In a 1931 article for Schrifttanz, Hans Redlich described the music of the Günther orchestra as "Asiatic," because it belonged "conceptually to another planet than say the music of German polyphony," the world of the Burmese gamelan ensemble (VP 75–77). However, Günther and Orff actually reached deep into the premodern European past for their models, medieval and ancient modes of music and movement. Orff stressed the notion of "elementary" musical structures or tropes in forming musical-kinetic consciousness. He built exercises and compositions around a single, elementary musical idea, such as ostinato, recitative, melisma, accentuation, crescendo, accelerando, psalmody, and intensive repetitions of a phrase at different tempos. Melodic material unfolded monophonically or homophonically rather than polyphonically or contrapuntally, even in relation to rhythm; although Keetman did like to experiment (as did Orff) with unusual rhythms for dance, such as 7/8 time, she completely avoided polyrhythmic configurations that appear, for example, in ancient African drumming.

The Mensendieck method of analyzing isolated movements in relation to specific body parts converged comfortably with the Orffian analysis of elementary musical structures. Günther proposed elementary units of bodily movement, including bending, stretching, raising, sitting, standing, falling, rolling, snaking, creeping, crawling, inclining, turning, grasping, holding, gripping, squeezing, lounging, walking, running, hopping, jumping, swinging, rotating, pressing, pushing, pulling, hanging, catching, carrying, bearing, lifting, juggling, tossing, striking, throwing, braking, climbing, balancing, plunging, arcing, gliding, striding, and leaning (DG 31–32). The human body could localize each of these movement elements within a particular body part, or bodily "element." Moreover, these movement elements


operated in relation to other, more abstract elements, including the movement's direction, repetition, magnitude, tempo, accentuation, acceleration or deceleration, and crescendo or decrescendo (71–76). When groups of bodies performed, another series of elements came into play: rows, columns, branches, circles, chains, spirals, clusters, pairings, exchanges, reversals, and so forth (66–69). But all these dynamic elements of movement functioned in relation to musical, costume, and scenic elements such as the ostinato, the mask, and the spotlight. Thus, improvisation pedagogy followed Dalcroze's rational model of almost infinite variation on ever new combinations of elements.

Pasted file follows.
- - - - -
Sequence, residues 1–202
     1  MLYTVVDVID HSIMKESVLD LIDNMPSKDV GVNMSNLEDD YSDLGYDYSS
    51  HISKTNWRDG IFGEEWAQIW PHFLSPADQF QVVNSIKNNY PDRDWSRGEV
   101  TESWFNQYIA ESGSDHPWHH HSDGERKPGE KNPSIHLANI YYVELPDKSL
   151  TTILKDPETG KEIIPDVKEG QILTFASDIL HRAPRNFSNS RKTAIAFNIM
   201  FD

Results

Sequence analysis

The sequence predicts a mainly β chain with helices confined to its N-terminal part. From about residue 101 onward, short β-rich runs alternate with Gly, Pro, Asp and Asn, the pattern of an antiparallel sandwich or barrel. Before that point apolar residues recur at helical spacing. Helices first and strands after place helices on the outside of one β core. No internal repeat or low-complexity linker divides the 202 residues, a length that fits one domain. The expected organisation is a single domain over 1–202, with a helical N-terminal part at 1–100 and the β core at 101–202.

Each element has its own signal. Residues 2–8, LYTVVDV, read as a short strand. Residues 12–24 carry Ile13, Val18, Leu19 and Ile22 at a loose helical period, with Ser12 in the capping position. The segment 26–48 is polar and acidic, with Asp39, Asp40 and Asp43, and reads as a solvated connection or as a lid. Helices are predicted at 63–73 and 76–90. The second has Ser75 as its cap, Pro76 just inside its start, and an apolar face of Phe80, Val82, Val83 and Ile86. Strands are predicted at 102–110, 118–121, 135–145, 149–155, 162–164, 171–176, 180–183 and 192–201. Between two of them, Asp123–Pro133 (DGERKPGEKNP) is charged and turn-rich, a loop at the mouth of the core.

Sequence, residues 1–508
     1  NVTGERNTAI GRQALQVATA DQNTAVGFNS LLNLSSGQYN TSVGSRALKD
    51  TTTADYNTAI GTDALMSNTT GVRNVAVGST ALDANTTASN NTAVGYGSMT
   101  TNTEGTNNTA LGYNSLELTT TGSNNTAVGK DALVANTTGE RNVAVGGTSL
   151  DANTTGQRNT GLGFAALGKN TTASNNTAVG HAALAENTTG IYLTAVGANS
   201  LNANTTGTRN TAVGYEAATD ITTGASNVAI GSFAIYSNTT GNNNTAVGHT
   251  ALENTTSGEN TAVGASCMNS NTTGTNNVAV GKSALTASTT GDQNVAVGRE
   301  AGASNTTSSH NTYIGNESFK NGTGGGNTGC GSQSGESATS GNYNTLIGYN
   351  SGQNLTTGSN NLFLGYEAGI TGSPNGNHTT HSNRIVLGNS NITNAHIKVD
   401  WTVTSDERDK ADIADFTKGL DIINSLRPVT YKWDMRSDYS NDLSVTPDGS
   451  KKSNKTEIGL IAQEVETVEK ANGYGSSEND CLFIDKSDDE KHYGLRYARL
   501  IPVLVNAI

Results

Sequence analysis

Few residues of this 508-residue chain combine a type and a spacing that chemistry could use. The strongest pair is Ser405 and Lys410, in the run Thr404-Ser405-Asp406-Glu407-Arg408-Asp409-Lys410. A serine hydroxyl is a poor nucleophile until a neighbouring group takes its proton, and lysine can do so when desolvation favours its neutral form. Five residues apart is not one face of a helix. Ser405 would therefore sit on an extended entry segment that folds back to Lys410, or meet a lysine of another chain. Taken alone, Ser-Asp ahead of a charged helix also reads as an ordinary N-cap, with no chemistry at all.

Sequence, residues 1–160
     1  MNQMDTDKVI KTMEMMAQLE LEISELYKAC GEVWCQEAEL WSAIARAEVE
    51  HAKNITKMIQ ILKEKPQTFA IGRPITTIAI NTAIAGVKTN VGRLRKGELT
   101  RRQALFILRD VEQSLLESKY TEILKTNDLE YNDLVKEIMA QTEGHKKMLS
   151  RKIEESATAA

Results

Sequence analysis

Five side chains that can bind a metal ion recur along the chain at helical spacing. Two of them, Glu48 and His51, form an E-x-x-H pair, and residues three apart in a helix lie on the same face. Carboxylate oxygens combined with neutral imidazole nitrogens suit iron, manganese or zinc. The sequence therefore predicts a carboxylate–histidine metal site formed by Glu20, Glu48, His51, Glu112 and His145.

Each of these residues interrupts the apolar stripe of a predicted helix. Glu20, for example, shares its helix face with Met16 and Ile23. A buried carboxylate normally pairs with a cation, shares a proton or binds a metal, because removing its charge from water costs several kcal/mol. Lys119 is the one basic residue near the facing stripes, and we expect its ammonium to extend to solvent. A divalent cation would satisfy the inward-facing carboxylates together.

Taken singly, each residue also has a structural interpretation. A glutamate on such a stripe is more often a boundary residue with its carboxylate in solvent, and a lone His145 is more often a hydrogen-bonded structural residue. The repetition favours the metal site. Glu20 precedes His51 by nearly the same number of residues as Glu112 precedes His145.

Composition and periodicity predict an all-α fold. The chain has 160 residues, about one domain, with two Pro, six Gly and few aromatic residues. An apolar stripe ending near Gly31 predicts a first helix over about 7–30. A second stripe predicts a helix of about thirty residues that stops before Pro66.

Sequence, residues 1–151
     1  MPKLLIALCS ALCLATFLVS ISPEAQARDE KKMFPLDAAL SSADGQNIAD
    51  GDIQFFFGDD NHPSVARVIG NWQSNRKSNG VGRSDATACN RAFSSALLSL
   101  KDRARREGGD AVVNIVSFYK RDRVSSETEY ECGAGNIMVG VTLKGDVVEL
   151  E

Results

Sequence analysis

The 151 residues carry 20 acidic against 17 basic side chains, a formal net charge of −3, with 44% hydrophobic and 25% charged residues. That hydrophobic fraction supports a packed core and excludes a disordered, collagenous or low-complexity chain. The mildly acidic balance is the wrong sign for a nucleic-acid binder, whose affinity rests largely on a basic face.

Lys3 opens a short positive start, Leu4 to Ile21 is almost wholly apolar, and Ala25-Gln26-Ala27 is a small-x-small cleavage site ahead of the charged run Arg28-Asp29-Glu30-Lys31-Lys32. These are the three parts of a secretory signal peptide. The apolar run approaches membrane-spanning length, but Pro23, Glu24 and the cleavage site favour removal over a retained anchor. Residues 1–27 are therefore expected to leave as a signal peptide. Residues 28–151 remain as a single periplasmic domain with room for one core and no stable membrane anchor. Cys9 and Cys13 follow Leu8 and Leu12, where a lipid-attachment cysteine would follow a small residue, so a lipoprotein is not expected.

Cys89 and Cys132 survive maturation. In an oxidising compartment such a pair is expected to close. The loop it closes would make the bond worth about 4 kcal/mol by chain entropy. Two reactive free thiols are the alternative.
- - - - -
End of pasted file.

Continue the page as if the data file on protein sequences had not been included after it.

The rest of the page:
However, Günther identified all elements as premodern, universal categories of signification identifiable in children, primitive cultures, and advanced civilizations. Modernity pervaded the physiognomy of dance only through peculiar combinations of elements, but Günther provided little guidance on how to identify such combinations. She realized that the problem with the rational approach was its failure to link elements or element combinations to specific emotional values or meanings: elements in themselves possessed no inherent semantic resonance, and a single element might carry contradictory significations in different narrative orderings of elements. Günther therefore tentatively referred, dualistically, to what we might call "emotional elements" such as affirmation and negation, having and losing, wanting and leaving, here and there; yet these elements nevertheless existed because of spatial relations between movement elements (27, 57). For Günther, movement was always a struggle with space, not (as for Bode) with the body or (as for Wigman) with death. But space was historical as well as physical. Like Orff, Günther and Lex treated archaic or medieval dance forms as elements of a modern dance, so they set pavannes, gavottes, gigues, minuettes, and contra dances against Keetman's strange (archaic) instrumentation to produce an unmistakably modern image of the body. The drawing of bodily movement enhanced one's capacity to identify movement elements, as Lex explained in a letter to Der Tanz (10, 1937, 2–3). But it must be said that the process of identifying movement elements depends as much on naming them as on seeing them and that movement forms emanate as much from linguistic as from visual structures. In any case, Günther admitted that categories of elements were not fixed and that even the difference between a gymnastic and a dance element was not always clear, in spite of a functional distinction between a utilitarian movement (gymnastic) and a movement that is an end in itself (dance).